So we are back from the elephant safari which is four of us riding on the back if an elephant walking through the so called jungle! I have to say that after child birth this is the most extraordinary experience I have ever had!!!! I could not believe that I was riding on an elephant tracking through pretty dense vegetation. The absolute highlight was coming across rhino in the wild - I mean to be sitting on an elephant looking at rhino a couple of meters away! I have some fantastic pics of this and even took a couple of videos of the rhino wallowing in a mud pool all the while watching us very warily!! We also saw deer and just experienced the vegetation at a different height!! The driver of the elephant was very gentle - he had a bamboo stick which he tapped on the elephants head whilst using his feet in behind the elephants ears to drive the ellie. He used verbal commands all the time - all in Nepalese of course   - go forward, backwards, left, right. He had to watch that the elephant didn't spot some tasty food which stopped him from moving and following directions! Rather like a horse!! The rhino are xmaklervyhsnbthe Fricsn rhino with a single smaller horn. Their bodies are still sort of prehistoric with armpit like plating on their shanks and back sides! Stunning! We were told that they are also aggressive and can charge at speeds of 44 kms an hour! We came across rhino three times which was fantastic - really sort of surreal to be sitting on an elephant watching a rhino rep meters away!!

So the day ended with a delicious Nepalse meal at our hotel followed by all if us putting our photos of these two great days onto one of the girls laptop so we can create a drop biz for all the photos. Then to crown it all - a call from my beloved!! Finally as my local cell phone has  died - hopefully temporarily and john finally got through on the third number I gave him!! It makes such a difference to be able to connect with him every few days!! 

So tomorrow will be half way through our time away!! All looking great as I plan the workshop I will be running on Tuesday and Wednesday for the 18 ECD schools from the 9 VIN schools in this area called Jitpur on the outskirts of Ksthmandu.  

Monday, 9 June 2014

Monday 9th June

So another satisfying day ends. After being joggled and rattled and jiggered around all day on Sunday, I decided I deserved to take it easy in the morning to give my body a chance to put itself back together again - talk about a grueling non stop massage for six hours!!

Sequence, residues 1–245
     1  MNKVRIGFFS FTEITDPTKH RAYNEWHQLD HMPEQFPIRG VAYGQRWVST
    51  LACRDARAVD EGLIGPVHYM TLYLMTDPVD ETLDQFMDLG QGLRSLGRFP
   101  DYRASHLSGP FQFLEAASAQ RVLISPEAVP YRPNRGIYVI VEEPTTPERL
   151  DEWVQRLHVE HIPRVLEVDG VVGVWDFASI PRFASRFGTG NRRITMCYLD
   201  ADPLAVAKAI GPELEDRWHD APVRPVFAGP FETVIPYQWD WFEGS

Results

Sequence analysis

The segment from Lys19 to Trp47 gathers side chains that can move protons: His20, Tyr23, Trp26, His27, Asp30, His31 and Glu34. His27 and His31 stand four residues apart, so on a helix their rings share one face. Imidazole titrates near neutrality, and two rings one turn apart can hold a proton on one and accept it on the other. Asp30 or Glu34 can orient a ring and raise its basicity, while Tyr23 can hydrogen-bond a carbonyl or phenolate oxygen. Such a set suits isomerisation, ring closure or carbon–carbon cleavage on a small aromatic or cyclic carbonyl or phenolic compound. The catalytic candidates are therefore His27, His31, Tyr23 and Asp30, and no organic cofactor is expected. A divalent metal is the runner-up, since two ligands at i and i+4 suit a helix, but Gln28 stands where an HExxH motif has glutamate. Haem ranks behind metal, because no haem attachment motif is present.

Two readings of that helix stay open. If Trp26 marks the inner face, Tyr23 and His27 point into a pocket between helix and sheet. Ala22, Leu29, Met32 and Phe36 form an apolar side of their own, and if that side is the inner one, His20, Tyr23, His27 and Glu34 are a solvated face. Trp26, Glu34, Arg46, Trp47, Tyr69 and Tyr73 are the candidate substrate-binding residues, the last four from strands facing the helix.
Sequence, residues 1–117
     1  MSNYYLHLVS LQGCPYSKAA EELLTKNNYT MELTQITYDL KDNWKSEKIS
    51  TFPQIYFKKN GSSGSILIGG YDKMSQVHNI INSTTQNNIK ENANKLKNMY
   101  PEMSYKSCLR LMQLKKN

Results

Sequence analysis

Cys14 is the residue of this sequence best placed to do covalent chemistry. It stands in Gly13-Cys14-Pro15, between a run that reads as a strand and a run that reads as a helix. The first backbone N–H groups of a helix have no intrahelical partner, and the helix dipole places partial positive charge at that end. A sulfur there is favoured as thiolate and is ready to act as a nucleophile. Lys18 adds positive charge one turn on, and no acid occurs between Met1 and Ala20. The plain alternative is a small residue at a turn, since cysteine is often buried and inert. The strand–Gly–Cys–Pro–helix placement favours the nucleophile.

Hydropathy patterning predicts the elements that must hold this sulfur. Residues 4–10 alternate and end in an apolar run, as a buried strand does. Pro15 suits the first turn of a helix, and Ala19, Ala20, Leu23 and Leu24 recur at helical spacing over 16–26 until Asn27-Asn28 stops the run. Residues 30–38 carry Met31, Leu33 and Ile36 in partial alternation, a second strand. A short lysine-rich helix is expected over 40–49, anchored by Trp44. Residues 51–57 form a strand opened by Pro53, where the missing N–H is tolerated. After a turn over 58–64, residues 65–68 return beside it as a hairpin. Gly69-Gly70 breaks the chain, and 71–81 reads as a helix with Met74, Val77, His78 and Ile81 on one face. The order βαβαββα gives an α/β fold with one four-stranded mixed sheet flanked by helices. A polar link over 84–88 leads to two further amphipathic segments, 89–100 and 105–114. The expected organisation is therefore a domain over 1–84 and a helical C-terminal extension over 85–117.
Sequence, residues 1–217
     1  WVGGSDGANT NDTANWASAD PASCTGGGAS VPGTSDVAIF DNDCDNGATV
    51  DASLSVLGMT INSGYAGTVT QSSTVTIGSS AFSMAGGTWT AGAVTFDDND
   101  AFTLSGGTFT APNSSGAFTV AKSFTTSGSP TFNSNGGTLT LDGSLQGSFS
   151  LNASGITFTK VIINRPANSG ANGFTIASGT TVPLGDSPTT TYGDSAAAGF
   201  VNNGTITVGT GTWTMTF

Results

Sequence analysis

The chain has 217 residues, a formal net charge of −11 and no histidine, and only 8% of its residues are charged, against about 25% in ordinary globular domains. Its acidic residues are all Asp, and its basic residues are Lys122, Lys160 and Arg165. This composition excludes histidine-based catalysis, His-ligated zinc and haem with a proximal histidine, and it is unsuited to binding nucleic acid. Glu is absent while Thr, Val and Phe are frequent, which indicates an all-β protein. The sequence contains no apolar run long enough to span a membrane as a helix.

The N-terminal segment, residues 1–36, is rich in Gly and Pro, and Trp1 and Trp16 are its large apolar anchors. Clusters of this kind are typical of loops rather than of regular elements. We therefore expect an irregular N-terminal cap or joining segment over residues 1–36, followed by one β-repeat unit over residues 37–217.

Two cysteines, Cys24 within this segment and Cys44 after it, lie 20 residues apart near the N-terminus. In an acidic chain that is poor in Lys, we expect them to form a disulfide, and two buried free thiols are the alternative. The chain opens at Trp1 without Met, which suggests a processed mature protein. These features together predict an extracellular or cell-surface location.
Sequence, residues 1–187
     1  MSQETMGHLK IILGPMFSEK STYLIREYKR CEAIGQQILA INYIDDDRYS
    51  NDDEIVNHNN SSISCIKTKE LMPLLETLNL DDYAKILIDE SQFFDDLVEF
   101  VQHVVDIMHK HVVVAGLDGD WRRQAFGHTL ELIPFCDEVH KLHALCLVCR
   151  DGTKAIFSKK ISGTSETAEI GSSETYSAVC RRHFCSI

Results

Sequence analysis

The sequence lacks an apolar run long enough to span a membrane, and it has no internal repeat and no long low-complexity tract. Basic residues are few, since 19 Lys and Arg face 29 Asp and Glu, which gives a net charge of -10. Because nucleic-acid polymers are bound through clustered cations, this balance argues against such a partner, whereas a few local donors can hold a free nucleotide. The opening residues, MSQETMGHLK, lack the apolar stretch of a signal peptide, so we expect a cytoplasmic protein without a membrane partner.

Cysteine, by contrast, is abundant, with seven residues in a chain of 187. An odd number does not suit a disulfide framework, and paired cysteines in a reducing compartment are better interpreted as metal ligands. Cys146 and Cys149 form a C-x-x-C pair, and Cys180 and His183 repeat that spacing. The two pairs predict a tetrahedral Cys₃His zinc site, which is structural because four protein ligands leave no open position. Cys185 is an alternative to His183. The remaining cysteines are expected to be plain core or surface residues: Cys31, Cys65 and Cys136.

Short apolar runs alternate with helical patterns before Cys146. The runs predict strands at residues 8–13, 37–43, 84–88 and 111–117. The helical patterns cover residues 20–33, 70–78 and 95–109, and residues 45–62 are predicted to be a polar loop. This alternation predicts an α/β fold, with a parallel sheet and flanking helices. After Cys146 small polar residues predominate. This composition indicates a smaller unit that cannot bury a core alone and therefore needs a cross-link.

So while Jennifer went off to teach for two hours to pay her rent as she puts it, I took it easy and looked up this Montessori training centre in Kathmandu that trained some of the teachers. Judging from the number of Montessori based preschools around, they've been pretty busy. I hope they respond to my email asking if I can visit their centre. 

Then Jen and I headed into Boudha to find an ATM and for me to check out prices of items I'll need to set up the practical life areas. We walked all the way - about half an hour- with me popping into little spaza shops to ask prices - all more expensive than the place Um had taken me to on Sunday. At the Boudha stupa we found this restaurant that Jen had been taken to on Sunday when she met a woman called Gloria who is the friend of one of Jen's American  friends. Gloria has lived here for 26 years and certainly knows her way around.  I enjoyed the first red meat since arriving here - a bacon burger with the full monte - chips and a salad with what has become my default drink, coke! It was absolutely delicious - all for R 40 compared to Jen's beer that cost R35!!! 

We then set off to find a four floored supermarket store that Gloria had told Jen about. On the way the heavens opened for what seems to be a regular afternoon occurrence. We had our umbrellas so all was good. The super market was wonderful. I had taken a tape measure so spent a couple of happy hours measuring and or noting the prices of bowls, mats, straight sided containers, trays, brooms, dust pans, buckets, tongs, sieves, drying cloths, dusters. As usual I spotted no suitable jugs - always hard to find. Jen went on a food buying spree and shocked me by spending R 400!! It suddenly sounded like such a lot! Compared to the R12 I spent on two egg cups - R 5 and a sharp knife - R7! We can't eat the food at the monastery as it's too spicy for me and usually has wheat in it which Jen can't eat. Anyway at least we know we won't starve! 

We then caught a taxi home as to catch a bus with all our parcels would have been impossible - we were lucky enough to jump in just as the rain started again- the road was like a river. Check Jen's blog as she took a couple of photos.